To date, firms have taken a short-term view throwing people at the problem to solve the issue, but in leaner times this is no longer a sustainable option. Firms now have an opportunity to take a proactive stance, using client experience as a way to create growth and build resilience. Core to addressing this operational challenge, is a digital platform that can deliver one single version of the truth. Together with intuitive workflows and open integration, a digital platform can offer consistent and transparent client communications. The goal is not to replace, but empower the workforce by solving redundant and ineffective processes and creating the scale and automation needed, to improve control and deliver a superior customer experience.
Digitalization is not a fad, and we know just how quickly the industry can go from staying on top to playing catch up. No firm can afford to be a laggard in this tough climate. This is less about fixing broken parts and more about staying one step ahead of a trend that is only going to get bigger. To adapt in this evolving market, firms need to adopt cloud-based technologies to create the agility needed in their communications, to retain satisfied clients and move quickly to capture new opportunities.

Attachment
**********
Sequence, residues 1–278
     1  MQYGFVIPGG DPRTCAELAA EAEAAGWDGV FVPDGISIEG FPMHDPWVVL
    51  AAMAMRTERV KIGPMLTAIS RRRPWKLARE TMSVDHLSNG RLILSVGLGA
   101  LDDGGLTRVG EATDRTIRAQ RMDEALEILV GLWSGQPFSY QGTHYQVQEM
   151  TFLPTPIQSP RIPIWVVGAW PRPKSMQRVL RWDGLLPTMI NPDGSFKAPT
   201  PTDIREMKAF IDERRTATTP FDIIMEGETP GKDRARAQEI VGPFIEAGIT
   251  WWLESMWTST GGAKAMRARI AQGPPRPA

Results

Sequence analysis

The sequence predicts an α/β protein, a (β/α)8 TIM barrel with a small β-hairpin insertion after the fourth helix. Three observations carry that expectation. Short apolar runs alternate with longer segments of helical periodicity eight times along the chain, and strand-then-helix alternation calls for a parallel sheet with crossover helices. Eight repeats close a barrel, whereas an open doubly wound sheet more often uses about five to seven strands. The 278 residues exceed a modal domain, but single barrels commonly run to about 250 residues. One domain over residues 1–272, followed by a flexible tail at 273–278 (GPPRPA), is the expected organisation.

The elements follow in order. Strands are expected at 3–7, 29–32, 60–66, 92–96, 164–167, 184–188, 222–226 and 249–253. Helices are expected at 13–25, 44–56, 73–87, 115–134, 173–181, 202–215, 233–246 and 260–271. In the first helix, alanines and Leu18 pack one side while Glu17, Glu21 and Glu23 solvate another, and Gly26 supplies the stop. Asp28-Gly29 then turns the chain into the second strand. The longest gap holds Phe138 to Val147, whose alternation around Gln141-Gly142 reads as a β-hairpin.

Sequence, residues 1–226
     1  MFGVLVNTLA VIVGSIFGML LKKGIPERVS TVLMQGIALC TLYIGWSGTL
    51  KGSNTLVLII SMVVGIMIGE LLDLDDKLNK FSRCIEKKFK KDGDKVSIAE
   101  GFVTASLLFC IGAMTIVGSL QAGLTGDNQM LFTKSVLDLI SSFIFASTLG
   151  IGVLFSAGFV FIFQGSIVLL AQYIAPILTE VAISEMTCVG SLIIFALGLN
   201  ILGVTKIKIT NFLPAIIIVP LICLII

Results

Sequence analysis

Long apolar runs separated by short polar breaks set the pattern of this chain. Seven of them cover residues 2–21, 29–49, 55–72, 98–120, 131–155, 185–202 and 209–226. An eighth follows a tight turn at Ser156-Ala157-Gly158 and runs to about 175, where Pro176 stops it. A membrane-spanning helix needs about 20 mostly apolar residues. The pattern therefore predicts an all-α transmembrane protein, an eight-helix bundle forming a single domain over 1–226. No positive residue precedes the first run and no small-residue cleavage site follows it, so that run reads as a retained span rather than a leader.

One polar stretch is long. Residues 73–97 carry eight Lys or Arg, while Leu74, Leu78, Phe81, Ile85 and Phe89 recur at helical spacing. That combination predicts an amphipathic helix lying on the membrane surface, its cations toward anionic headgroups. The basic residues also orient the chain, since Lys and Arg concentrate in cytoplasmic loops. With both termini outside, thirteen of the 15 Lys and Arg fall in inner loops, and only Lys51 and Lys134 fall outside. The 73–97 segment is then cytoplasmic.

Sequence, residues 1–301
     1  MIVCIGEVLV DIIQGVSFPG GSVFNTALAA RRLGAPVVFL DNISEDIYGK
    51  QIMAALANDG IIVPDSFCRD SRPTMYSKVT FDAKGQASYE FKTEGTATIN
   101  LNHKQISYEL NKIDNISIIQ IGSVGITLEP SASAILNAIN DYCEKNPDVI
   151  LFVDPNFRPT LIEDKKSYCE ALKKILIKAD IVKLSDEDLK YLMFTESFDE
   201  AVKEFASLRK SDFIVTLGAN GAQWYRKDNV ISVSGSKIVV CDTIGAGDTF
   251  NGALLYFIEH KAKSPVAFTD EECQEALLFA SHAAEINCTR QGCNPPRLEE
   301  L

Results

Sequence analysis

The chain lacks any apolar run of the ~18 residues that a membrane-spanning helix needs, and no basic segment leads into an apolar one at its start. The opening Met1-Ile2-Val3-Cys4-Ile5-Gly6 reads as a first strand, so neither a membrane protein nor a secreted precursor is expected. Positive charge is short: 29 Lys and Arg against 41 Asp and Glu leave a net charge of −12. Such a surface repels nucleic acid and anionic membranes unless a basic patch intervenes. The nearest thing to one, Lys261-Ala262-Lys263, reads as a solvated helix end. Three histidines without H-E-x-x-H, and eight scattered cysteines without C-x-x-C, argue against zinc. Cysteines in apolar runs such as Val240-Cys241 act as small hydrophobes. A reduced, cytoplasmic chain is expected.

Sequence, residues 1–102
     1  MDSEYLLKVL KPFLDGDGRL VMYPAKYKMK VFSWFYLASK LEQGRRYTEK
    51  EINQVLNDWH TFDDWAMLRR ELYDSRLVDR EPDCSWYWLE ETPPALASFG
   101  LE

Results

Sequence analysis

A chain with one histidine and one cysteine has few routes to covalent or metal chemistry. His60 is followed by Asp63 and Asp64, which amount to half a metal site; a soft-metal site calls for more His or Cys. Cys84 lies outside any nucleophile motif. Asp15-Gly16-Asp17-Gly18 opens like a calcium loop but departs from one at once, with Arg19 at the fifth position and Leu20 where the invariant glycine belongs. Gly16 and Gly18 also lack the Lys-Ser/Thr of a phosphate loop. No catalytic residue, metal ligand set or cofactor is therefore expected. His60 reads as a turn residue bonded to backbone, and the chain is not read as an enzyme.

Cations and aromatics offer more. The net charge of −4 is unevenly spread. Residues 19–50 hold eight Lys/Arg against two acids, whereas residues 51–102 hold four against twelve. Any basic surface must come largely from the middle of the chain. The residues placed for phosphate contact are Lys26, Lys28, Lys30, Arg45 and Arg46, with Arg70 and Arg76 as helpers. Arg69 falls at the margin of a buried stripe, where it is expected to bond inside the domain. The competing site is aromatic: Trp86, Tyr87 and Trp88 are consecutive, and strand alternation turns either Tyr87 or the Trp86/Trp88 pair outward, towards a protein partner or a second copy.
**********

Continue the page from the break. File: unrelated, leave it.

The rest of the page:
- Meeting investor needs through consistent client engagement
In the Aite survey, despite participants noting that the number of RFP’s including questions on digital capabilities had increased, 38% identified cost and challenges in creating a business case ,as one of the top barriers to investment, while 69% claim their firms’ inactivity stems from a lack of explicit demand. What’s concerning about this perceived lack of demand is that only a quarter of firms (27%) actually carry out regular client surveys.